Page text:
By 2011 South Africa will have an estimated shortfall of 19 000 nurses, and while the country trains enough doctors to serve the population, the problem of a huge shortage of doctors in the public sector will probably not be solved in the near future.
These are some of the conclusions in a range of studies on skills development and shortages commissioned or conducted by the HSRC’s Human Resources Development research programme. The studies aim at providing the best empirical overview of the nature and extent of the scarce skills issue and form part of the Human Resources Review 2003, which will be published later this year. This research falls within the ambit of one of the key development challenges facing South Africa, as identified by President Mbeki. Scarce skills constrain international competitiveness, economic growth and poverty reduction, Mbeki believes.
The issue has been taken up elsewhere in the government too, most notably in the development of the new Immigration Act, where a new strategy for attracting such skills from outside the country has been developed. In a preview of the Human Resources Review’s findings in two areas, namely health and engineering, researchers Johan Erasmus and Elsje Hall of the HSRC’s Economic and Employment Policy Research (EEPR) programme, examines the likely extent of shortages of doctors and nurses in the next decade.
Even with recruitment to address the 25% vacancy rate in the public system, Erasmus and Hall predict a shortfall of nearly 19 000 nurses by 2011. Erasmus and Hall found that the supply of new doctors from medical schools is likely to slightly outweigh the loss of staff through retirement, illness and emigration. However, this positive picture needs to be carefully qualified: firstly, recent statements by representatives of junior doctors and medical students suggest that the already high levels of migration of doctors may increase significantly; secondly, the projected growth in supply of doctors would not address the major problem that 27% of posts for doctors in the public sector are unfilled; and thirdly, the projections assume that the current disparities and weaknesses within the health system will not be addressed.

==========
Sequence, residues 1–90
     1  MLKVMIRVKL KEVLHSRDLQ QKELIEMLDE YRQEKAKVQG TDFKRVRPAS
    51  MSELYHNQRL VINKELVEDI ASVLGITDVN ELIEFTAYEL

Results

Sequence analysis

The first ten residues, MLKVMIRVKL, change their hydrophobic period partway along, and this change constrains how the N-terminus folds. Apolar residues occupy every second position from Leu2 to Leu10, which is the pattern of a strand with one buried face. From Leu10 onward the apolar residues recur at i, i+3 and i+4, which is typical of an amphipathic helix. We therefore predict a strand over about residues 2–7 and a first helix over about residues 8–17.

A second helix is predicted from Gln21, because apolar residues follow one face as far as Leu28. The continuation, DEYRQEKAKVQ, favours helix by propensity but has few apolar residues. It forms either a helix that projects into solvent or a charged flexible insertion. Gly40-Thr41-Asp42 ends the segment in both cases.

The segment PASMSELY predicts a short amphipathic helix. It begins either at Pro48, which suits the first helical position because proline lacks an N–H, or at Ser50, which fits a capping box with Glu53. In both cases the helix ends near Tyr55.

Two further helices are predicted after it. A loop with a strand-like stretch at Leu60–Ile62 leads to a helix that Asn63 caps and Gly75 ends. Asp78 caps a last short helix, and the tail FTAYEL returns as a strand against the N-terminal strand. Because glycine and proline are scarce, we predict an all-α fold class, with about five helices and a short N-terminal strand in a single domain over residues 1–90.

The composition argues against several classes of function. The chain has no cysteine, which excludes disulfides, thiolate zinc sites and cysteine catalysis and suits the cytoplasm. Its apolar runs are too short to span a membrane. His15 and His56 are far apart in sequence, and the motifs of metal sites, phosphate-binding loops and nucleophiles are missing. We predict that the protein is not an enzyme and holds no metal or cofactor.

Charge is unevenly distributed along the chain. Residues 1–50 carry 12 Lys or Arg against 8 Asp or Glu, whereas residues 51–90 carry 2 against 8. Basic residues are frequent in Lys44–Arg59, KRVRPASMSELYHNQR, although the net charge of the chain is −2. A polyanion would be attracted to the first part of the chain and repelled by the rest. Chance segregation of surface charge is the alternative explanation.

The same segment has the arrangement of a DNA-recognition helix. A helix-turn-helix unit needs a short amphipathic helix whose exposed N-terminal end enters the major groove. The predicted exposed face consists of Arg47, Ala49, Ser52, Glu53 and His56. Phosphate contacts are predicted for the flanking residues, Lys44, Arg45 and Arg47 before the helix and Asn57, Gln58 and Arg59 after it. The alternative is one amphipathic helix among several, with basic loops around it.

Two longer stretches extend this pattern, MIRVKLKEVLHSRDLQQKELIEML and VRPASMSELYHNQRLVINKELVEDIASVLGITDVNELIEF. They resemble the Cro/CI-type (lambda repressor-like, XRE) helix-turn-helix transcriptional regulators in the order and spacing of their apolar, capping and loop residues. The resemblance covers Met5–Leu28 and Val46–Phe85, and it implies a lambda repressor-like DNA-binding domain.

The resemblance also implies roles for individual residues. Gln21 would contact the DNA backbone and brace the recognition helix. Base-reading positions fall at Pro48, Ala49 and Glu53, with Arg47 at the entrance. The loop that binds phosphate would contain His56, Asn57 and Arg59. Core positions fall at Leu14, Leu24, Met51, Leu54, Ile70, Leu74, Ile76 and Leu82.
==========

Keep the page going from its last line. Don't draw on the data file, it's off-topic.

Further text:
This would leave unchanged a ratio of doctors to overall population and a situation where only 29% of doctors meet the needs of the 84% of the population not covered by medical aid schemes. It would also not redress the massive inter-provincial and rural-urban disparities in the supply of doctors. In the case of the nursing profession, the bulk of nurses have remained within the public system and have more successfully been deployed across the country. The ratio of nurses to overall population is also more favourable.
However, the skills shortage situation here is starker than for doctors. Even with recruitment to address the 25% vacancy rate in the public system, Erasmus and Hall predict a shortfall of nearly 19 000 nurses by 2011. A less serious situation emerges from the study of engineers by Grové Steyn (also EEPR). He shows that engineering is in the process of a major restructuring of their areas of specialisation in the wake of the decline in minerals and military uses of engineering. Instead, there has been a growth in demand for electrical engineers and a shift towards an employer preference for those with postgraduate qualifications. The response of higher education appears to have been relatively prompt and course offerings largely reflect the changes in market demand.
The stagnant overall demand for engineers suggests that there is no scarce skills problem at the moment. However, it is not clear whether there are sufficient learners willing and qualified to take engineering courses if there were to be sustained increases in demand. Steyn highlights the history of poor maths and science performance in historically black schools. However, it is possible that the major attention on this issue by the Department of Education might have had sufficient impact by the time more engineers were needed.
(Source: HSRC Review Vol1 no 2)
Dr Simon McGrath is a research director in the Human Resources Development research programme. The Human Resources Review 2003 will be published towards the end of 2003.